Fires Devastate Greek Refugee Camps

Shweta Parthasarathy
Staff Writer

On Tuesday, September 8, the Moria refugee camp on the Greek island of Lesbos was the site of a massive fire that displaced thousands of its residents. As The New York Times reports, the fire on September 8 displaced a vast majority of the 12,000 residents, and a smaller fire that broke out the following night displaced another 1,000.

The BBC and The New York Times report that the Greek government is pointing the finger at migrants who protested the lockdown conditions instituted after 35 migrants at the Moria camp tested positive for COVID-19. The camp’s residents have denied the allegation and instead place the blame on “hostile locals,” reports the BBC. The fires have added another layer of animosity to the already tense relationship between residents of the Moria camp and locals from the island.

According to The New York Times, prior to the COVID-19 pandemic and the September 8 fires, the camp housed more than 20,000 residents. The pandemic then accelerated the relocation of migrants, but the number of residents remained at 12,600 just before the fire. The government has established another system of tents in a new, seaside camp in order to facilitate the relocation of migrants from the Moria camp. However, residents fear it may just be a repeat of the challenges faced at Moria. Mahbube Ahzani, a 15-year-old migrant living in the Moria camp, told The New York Times, “I think sleeping on the street is bad, but Moria is bad-bad,” even adding that the seaside camp would just be the “new Moria.”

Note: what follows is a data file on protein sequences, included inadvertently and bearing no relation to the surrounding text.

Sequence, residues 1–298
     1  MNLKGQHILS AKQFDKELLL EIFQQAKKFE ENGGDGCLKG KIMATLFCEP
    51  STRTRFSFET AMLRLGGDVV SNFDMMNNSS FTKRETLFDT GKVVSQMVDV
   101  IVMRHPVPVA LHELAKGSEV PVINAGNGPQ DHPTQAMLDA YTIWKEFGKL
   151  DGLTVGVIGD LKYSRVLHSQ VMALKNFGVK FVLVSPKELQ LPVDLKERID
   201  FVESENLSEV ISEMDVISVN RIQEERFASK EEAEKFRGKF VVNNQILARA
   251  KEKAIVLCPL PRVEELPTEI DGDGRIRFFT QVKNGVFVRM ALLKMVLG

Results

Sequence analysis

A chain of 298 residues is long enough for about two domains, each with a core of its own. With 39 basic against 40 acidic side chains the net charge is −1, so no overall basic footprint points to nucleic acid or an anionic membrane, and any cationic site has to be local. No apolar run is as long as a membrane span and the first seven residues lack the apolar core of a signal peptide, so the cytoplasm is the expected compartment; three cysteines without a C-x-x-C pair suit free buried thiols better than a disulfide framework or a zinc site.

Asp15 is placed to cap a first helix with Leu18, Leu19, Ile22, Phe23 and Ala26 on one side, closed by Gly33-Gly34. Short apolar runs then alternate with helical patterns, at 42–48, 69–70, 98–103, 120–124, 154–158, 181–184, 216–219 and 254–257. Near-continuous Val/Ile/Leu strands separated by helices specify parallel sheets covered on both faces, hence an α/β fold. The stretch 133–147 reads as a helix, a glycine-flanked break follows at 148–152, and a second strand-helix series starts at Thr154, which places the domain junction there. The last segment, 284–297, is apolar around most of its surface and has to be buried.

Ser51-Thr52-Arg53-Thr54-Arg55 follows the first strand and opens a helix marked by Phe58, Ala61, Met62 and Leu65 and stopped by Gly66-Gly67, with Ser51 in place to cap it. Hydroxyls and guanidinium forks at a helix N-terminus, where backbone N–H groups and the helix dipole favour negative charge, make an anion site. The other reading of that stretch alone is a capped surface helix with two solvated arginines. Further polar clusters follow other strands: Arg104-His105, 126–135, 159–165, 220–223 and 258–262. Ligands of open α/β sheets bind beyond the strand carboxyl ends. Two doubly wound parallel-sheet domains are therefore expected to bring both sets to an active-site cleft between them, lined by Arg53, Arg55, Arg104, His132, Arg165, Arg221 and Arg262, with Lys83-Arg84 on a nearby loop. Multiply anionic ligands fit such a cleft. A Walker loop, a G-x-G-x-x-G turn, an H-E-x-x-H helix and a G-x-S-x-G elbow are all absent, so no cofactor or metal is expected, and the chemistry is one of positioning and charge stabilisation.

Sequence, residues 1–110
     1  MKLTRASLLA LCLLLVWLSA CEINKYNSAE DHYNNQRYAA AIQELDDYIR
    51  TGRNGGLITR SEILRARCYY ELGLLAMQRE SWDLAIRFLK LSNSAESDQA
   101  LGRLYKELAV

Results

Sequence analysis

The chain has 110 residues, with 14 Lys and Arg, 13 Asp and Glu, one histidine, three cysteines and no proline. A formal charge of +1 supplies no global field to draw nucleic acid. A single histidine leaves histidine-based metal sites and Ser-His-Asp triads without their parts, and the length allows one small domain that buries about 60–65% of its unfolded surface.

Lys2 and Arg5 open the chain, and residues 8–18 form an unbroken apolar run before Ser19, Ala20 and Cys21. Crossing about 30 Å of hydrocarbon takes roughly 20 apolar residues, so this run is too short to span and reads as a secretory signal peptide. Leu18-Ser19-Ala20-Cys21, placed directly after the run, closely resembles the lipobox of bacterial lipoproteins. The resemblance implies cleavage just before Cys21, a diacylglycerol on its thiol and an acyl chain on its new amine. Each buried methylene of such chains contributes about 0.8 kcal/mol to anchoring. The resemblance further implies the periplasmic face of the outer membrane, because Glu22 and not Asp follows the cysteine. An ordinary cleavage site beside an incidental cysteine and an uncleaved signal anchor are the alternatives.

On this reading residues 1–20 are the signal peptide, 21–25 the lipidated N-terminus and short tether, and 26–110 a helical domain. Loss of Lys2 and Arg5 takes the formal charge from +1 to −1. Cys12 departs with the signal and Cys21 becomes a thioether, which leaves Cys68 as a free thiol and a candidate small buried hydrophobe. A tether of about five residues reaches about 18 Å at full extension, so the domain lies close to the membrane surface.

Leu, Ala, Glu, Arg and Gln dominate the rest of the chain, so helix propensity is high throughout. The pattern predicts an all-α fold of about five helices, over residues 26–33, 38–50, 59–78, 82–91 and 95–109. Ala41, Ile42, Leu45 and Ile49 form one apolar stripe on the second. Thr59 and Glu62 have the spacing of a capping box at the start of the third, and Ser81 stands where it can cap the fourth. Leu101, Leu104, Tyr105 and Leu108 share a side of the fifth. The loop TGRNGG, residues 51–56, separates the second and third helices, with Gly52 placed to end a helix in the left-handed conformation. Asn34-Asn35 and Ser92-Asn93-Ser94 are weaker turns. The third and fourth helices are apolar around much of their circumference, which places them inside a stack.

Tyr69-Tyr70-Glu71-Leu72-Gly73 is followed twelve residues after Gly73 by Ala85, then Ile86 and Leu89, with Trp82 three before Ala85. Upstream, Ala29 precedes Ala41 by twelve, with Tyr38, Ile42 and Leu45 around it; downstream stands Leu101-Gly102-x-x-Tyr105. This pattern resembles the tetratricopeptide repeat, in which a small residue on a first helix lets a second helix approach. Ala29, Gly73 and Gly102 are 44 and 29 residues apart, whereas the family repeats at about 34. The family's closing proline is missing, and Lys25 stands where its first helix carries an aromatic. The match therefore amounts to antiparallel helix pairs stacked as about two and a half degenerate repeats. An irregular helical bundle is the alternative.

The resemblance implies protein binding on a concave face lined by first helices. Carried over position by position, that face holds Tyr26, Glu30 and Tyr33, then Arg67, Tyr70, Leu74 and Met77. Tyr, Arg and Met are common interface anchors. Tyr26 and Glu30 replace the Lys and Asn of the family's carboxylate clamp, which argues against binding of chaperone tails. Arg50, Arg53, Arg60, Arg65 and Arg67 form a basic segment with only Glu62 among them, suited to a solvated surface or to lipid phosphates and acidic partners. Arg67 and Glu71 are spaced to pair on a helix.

However, these tents are meant to only be temporary, with the ultimate goal being to relocate the migrants to mainland Greece. Michalis Chrysochoidis, the Minister of Citizen Protection of Greece, told The Guardian, “Of the roughly 12,000 refugees here currently, I foresee 6,000 being transferred to the mainland by Christmas and the rest by Easter.” Currently, most residents displaced by the fires are being temporarily housed in seaside camps, a ferry, and two navy ships, as reported by the Associated Press.

According to the Associated Press, in the days following the fires, thousands of German citizens marched in cities across Germany in support of the refugees. In response, the German government agreed to take in 1,553 migrants from Moria, as well as 150 unaccompanied minors, reports the BBC. According to Reuters, German Foreign Minister Heiko Maas described the fires as “a humanitarian disaster” and encouraged European Union member states to accept refugees coming from the overcrowded and underfunded camp. The New York Times furthers that Armin Laschet, the governor of a region in western Germany, indicated a willingness to accept 1,000 refugees from the camp. Boris Pistorius, a prominent member of Germany’s Social Democratic Party and the interior minister of the northern German state of Lower Saxony, has called for the Moria camp to be shut down, telling Reuters that Moria “is the symbol of the failure of Europe’s asylum policy.”

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